The American Diabetes Association Commends the Release of the 2015-2020 Dietary Guidelines for Americans to Promote Healthier Living

Alexandria, Virginia
January 8, 2016

The American Diabetes Association® is pleased with overarching guidelines in the current edition that encourage following healthy eating patterns and choosing a variety of nutrient-dense foods—including vegetables, fruits, whole grains, fat-free or low-fat dairy, a variety of protein foods and oils—in recommended amounts. We are also pleased to see the Guidelines emphasize strategies that help Americans shift to healthier food and beverage choices and support healthy eating patterns for all.

These recommendations are important to the health of all Americans, including the nearly 30 million Americans with diabetes and 86 million Americans with prediabetes. It is the position of the Association that there is not a "one-size-fits-all" eating pattern for individuals with diabetes, per our 2013 Nutrition Therapy Recommendations for the Management of Adults With Diabetes. Healthful eating patterns, emphasizing a variety of nutrient-dense foods in appropriate portion sizes, are key in assisting individuals with diabetes to improve their overall health, and specifically to attain individualized glycemic, blood pressure and lipid goals; achieve and maintain body weight goals; and delay or prevent complications of diabetes.

Many of the recommendations in the updated Guidelines are consistent with the previous edition, released in 2010. However, the addition of a specific limit on consumption of added sugars is noteworthy. To achieve healthy eating patterns within calorie limits, the updated Guidelines recommend that individuals consume less than 10 percent of calories per day from added sugars. The Association supports the need for individuals to choose eating patterns that reduce intake of added sugars. Though the Association notes that the specific amount of total carbohydrate intake for people with diabetes must be individualized, it is the position of the Association that carbohydrate intake from vegetables, fruits, whole grains, legumes and dairy products should be advised over intake from other carbohydrate sources, especially those that contain added fats, sugars or sodium, per our 2013 Nutrition Therapy Recommendations for the Management of Adults With Diabetes.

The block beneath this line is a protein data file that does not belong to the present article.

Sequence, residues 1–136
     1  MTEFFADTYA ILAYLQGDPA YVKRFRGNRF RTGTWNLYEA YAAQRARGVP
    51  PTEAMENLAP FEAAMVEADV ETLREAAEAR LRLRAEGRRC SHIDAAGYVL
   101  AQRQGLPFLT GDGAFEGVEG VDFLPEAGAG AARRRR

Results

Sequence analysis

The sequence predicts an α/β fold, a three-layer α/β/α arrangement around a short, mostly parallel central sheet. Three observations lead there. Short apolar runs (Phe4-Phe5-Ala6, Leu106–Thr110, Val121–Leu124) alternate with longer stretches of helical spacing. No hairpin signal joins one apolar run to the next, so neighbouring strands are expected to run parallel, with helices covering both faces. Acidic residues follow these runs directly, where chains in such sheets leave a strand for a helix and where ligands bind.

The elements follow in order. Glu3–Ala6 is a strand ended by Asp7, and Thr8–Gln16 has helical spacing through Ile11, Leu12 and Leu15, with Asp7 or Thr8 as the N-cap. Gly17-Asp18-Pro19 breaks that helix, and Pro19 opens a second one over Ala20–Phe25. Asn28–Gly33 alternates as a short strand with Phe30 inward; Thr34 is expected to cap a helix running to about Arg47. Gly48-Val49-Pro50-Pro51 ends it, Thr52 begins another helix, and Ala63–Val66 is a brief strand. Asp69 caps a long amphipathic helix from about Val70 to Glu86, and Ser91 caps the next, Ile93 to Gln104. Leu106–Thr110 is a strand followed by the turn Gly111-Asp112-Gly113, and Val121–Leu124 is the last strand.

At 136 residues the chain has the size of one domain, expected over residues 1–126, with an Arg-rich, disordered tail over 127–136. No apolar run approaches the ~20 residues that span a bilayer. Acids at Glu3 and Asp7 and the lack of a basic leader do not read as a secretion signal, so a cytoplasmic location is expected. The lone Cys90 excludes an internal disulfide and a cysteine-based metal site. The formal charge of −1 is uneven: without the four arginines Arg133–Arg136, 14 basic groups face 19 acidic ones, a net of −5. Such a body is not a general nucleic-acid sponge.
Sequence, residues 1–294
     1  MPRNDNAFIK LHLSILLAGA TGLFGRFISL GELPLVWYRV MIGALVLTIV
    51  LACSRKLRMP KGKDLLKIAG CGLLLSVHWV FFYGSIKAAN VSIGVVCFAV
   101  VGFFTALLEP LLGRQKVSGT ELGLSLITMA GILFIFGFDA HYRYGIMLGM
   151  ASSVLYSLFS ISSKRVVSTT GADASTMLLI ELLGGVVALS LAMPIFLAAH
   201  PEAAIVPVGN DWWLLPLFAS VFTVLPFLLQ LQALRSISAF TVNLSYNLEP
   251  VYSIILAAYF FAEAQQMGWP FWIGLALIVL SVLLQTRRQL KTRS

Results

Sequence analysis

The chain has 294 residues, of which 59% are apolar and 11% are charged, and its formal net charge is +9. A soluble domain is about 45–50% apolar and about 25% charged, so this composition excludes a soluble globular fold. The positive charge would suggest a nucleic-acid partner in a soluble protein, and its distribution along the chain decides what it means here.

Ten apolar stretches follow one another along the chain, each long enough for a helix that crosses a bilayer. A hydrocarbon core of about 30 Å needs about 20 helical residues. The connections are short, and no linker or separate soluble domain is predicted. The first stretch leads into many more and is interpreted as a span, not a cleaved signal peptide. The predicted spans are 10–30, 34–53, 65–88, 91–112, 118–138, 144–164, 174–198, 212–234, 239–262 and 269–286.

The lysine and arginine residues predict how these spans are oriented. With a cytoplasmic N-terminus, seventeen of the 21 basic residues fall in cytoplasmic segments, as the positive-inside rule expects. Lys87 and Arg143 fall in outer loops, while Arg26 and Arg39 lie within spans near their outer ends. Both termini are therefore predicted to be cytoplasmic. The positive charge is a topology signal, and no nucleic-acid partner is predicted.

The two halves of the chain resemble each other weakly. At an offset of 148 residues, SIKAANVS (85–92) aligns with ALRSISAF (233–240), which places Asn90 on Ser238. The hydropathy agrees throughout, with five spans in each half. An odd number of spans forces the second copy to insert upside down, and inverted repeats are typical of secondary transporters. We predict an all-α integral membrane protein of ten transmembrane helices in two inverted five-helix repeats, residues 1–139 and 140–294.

As noted in the Guidelines, a healthy eating pattern limits saturated and trans fats, added sugars and sodium. The Association also supports key recommendations to consume less than 10 percent of calories per day from saturated fats and consume less than 2,300 milligrams per day of sodium.

These key recommendations within the 2015-2020 Dietary Guidelines for Americans provide an important roadmap toward healthy eating patterns and the Association's continued effort to be a resource to Americans looking to lead healthier lives and one day Stop Diabetes®.

About the American Diabetes Association

Nearly half of American adults have diabetes or prediabetes; more than 30 million adults and children have diabetes; and every 21 seconds, another individual is diagnosed with diabetes in the U.S. Founded in 1940, the American Diabetes Association (ADA) is the nation’s leading voluntary health organization whose mission is to prevent and cure diabetes, and to improve the lives of all people affected by diabetes. The ADA drives discovery by funding research to treat, manage and prevent all types of diabetes, as well as to search for cures; raises voice to the urgency of the diabetes epidemic; and works to safeguard policies and programs that protect people with diabetes. In addition, the ADA supports people living with diabetes, those at risk of developing diabetes, and the health care professionals who serve them through information and programs that can improve health outcomes and quality of life. For more information, please call the ADA at 1-800-DIABETES (1-800-342-2383) or visit diabetes.org. Information from both of these sources is available in English and Spanish. Find us on Facebook (American Diabetes Association), Twitter (@AmDiabetesAssn) and Instagram (@AmDiabetesAssn)